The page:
To recall the sequence, within a matter of a few weeks following the Sino-Indian border conflict of October 1962, China and Pakistan had finalised their border settlement (December 1962) and a formal agreement in this regard was signed in March 1963. This removed the only irritant that had existed in Sino-Pak ties. As a result, during the 1965 Indo-Pak war, China not only supplied Pakistan military equipment and provided indications of intervening in case India extended the war to East Pakistan, but the Chinese media clearly condemned India as the aggressor.12 The 1971 Indo-Pak war had come at the time when China was obliged to Pakistan for its role in arranging Henry Kissinger's secret trip to Beijing in July 1971 which facilitated the historic Sino-US détente, as also following the Indo-Soviet Treaty that was signed in August 1971. Accordingly, China not only provided moral and political support, but began to supply military equipment to Pakistan through the Karakoram International Highway since March 1971 and, at the height of this conflict, trips of 100 lorries were made per day to replenish Pakistan's arms and ammunition.13 Later, Chinese media was to compare India's role in the birth of Bangladesh to that of the Japanese creation of Manchu Guo.14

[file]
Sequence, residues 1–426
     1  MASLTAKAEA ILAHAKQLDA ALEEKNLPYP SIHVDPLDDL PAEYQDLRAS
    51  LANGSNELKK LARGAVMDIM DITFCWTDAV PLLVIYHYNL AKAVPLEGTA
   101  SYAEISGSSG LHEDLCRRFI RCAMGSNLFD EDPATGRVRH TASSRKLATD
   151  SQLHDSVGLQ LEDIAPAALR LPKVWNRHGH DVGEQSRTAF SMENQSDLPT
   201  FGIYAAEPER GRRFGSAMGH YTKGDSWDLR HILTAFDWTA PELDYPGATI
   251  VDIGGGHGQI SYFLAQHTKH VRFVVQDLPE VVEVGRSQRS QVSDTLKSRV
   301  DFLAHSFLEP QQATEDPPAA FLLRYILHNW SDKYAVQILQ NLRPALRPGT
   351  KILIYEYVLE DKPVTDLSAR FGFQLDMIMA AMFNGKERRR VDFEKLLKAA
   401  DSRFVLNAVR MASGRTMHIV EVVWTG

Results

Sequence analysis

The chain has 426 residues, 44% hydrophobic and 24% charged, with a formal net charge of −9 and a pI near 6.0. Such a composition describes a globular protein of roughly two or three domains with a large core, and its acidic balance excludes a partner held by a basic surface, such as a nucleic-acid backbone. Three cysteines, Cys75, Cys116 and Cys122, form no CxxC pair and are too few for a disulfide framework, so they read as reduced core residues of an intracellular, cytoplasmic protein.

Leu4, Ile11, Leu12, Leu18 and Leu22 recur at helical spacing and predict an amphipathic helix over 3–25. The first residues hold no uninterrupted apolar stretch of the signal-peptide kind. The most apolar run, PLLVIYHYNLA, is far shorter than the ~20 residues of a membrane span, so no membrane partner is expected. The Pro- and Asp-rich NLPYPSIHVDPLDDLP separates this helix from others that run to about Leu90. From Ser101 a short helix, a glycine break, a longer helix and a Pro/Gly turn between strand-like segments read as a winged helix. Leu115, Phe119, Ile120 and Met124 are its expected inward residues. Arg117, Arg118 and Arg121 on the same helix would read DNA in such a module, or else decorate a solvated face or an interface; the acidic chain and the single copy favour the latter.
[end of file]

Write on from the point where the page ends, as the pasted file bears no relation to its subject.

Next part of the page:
The year 1971 had also witnessed a complete transformation in the profile of South Asian security complex as a third important power—Bangladesh—came into the picture.15 For China's strategic thinkers, the fact of Pakistan getting dismembered had not only made India the most powerful country in South Asia but breached their unique leverage of countering India from two sides i.e. East and West Pakistan. This was to be followed by India's nuclear explosion of May 18, 1974. All this perhaps compelled Beijing to enhance its commitment towards dismembered Pakistan and to accept the latter's persistent request to assist it in building its independent nuclear posture which was finally agreed in a Sino-Pak agreement of September 1974.16 However, given the rising crusade of non-proliferation by Western powers China has lately begun to distance itself from Islamabad's adventurist policies in promoting terrorism in India's Kashmir or Afghanistan. The most recent episode which underlines this basic shift in China's policies towards Pakistan was reflected in Beijing's strong neutral posture in the fourth Indo-Pak war in Kargil. This has introduced a slight change in the nature of China-connection to South Asian security.

China and Sri Lanka